Zack Snyder’s latest, and first for Netflix, combines his affinity for thrilling action, an enjoyable zombie narrative, and a huge cast of characters willing to buy into the world he’s created, even if it’s borrowed from decades of similar cinema.
This review of the Netflix film Army of the Dead does not contain spoilers — it will be released on the streaming service on May 21, 2021.
Before Zack Snyder inspired millions (actually thousands) of fans to flood onto social media to demand a cut of his version of the Justice League, before he became a darling director of the superhero genre, even before he showed the epic Battle of Thermopylae on screen in 300, he made a zombie movie. In fact, he remade one of the pillars of zombie entertainment with Dawn of the Dead, attempting to bring George Romero’s 1978 classic into the modern day.
Since that directorial zombie debut in 2004, he has made a slew of comic book and superhero films, creating only one film from an original concept: Sucker Punch. His newest feature, Army of the Dead, dips back into his early days, penning a zombie heist script with Shay Hatten and Joby Harold, a film that was first announced in 2007. It’s Snyder’s first film with Netflix and the first in which he’s the cinematographer.
In classic Zack Snyder fashion, slow-motion is used early and often. The camera whips and whirls around a zombie-torn Las Vegas, the setting for the film’s story. Described as a zombie heist action film, Netflix’s Army of the Dead is a two-and-a-half-hour slugfest, with moments of forced sincerity sprinkled in, most of which work much less than the action set pieces that precede and follow. Following Dave Bautista as Scott Ward, a widowed mercenary, the film watches as Ward recruits a crew and enters Las Vegas in order to steal a truckload of money, $50 million of which goes to him and his fellow risk-takers.
Snyder’s film hits the beats. It plays upon the heist and zombie films that came before it, beginning with Ward unfurling the blueprints to the hotel and safe on his bed. He puts together a ragtag team of ex-lovers, social media zombie-killing stars, a pilot (Tig Notaro replacing Chris D’Elia), and resident badasses of the outbreak. Accompanying them are Martin, played by a Garret Dillahunt who spouts evil with increasing intensity throughout the film, the Coyote (Nora Arnezeder), and Shaw’s own daughter, Kate (Ella Purnell), with intentions to save a woman who snuck in to crack open a slot machine to rescue her daughters.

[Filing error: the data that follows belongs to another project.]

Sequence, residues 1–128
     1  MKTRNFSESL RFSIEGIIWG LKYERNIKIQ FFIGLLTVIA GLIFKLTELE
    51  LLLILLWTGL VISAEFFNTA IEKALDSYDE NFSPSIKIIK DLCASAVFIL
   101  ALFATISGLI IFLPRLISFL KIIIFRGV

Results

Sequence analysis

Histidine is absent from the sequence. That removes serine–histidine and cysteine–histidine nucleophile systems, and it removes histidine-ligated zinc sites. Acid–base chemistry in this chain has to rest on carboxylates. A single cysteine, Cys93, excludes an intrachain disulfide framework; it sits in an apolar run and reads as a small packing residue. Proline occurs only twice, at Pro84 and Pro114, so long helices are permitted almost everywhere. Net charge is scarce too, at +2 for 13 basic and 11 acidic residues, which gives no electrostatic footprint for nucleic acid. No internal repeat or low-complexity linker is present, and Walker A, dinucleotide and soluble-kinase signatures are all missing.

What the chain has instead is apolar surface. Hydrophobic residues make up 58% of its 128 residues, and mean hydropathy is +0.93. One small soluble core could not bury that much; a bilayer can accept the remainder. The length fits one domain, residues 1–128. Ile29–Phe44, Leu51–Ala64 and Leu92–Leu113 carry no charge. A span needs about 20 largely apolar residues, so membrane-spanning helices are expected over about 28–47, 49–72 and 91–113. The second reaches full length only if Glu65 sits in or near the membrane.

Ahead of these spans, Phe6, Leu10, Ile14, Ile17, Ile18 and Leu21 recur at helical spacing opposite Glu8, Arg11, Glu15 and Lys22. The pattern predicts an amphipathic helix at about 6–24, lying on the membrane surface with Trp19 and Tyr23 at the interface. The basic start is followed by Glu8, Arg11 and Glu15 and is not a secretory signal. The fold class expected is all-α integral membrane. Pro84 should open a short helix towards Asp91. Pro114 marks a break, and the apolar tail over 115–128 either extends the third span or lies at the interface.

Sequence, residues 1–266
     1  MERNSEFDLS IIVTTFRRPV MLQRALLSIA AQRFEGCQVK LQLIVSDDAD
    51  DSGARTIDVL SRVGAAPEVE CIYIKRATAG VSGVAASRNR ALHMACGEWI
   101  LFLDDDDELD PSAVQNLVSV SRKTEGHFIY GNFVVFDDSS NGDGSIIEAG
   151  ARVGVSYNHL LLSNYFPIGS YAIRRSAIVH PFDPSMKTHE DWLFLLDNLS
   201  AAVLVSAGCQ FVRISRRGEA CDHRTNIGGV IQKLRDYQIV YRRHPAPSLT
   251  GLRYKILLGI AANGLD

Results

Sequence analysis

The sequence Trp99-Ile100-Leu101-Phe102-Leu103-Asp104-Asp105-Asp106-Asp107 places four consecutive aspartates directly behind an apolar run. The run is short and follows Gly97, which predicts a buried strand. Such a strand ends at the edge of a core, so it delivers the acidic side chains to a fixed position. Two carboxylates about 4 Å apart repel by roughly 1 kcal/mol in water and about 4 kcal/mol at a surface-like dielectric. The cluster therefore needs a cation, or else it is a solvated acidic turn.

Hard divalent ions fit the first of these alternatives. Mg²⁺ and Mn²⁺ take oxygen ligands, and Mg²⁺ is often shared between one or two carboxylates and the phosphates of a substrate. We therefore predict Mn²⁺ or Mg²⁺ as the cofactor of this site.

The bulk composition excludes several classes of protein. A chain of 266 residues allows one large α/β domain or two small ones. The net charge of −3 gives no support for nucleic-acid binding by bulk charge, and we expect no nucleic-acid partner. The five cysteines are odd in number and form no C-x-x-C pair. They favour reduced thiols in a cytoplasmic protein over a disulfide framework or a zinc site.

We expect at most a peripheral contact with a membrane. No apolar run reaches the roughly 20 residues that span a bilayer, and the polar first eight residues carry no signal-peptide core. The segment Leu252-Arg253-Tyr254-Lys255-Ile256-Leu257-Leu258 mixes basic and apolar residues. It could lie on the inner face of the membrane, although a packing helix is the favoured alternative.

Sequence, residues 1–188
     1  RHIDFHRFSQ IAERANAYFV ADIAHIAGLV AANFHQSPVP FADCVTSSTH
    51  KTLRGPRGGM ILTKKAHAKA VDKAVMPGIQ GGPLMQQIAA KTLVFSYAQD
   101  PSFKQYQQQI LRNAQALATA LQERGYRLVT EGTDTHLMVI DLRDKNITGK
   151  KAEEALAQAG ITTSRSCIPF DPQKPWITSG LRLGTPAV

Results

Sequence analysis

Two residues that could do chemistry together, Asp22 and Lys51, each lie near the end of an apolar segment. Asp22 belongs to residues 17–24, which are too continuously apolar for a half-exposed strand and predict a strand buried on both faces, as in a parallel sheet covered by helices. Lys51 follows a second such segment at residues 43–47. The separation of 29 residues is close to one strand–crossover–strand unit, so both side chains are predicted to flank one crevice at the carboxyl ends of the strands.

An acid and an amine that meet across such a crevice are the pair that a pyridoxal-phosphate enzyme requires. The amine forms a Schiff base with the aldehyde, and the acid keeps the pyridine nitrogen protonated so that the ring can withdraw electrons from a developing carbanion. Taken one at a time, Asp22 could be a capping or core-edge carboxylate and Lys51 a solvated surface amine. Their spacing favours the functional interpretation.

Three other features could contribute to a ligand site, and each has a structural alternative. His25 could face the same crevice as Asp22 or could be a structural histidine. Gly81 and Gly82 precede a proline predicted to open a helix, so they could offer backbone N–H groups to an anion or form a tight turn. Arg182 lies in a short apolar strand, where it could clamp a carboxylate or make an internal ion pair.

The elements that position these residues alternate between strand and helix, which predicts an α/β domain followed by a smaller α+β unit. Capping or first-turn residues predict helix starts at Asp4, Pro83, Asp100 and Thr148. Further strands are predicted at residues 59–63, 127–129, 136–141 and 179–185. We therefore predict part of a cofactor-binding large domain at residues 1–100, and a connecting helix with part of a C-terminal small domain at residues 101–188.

With 48 hours until an atomic bomb explodes the walled city of Las Vegas, the crew works against a ticking clock, despite each scene feeling longer than expected, due to Snyder’s willingness to make anything slo-mo, including crying, glancing around, walking, and other mundane activities in the not-so-mundane world he created. Each shot feels blurred at the edges, slightly silhouetted, hyper-focused on one of these characters. You always know you’re watching a movie, or even letting a video game unfold before you.
And if you have the sensation that you’ve seen a version of this before, it’s because you have in one place or another, from moments spliced from The Last of Us video games to Maze Runner: The Scorch Trials. Snyder imprints a tedious nature to the film, settling for first and second acts that might entertain, but don’t move any emotional storylines forward. Still, we get CGI zombie tigers and ritualistic offerings from the “smart” zombies, the latter of which answers the decades-long question of “Can zombies have babies?”
At times, Army of the Dead becomes a nonstop montage with intercut scenes of dialogue, many of which lack resonance. In a large cast of supporting characters, Omari Hardwick and Matthias Schweighöfer stand out with a budding bromance between the saw-carrier and safecracker. Bautista continues to carve out a place for himself in Hollywood, resting in the soft spot between muscle and tenderness, a place long reserved for The Rock and Vin Diesel, though Bautista might have more to show over the next few years.
Snyder’s film reaches its anticipated dose of big-set action in the final 45 minutes, an endless stream of the undead, bullets, and flying money. Throwing aside a level of sense and narrative, the final act of Army of the Dead stamps the Netflix film with a seal of action approval.
Surrounded by death, the film keeps its levity, remaining as enthusiastic and amusing as ever. Snyder’s film contains energy that’s been missing through most of his work in the superhero genre, and it should be an indication that more zombie, heist, or zombie heist films should be in his future.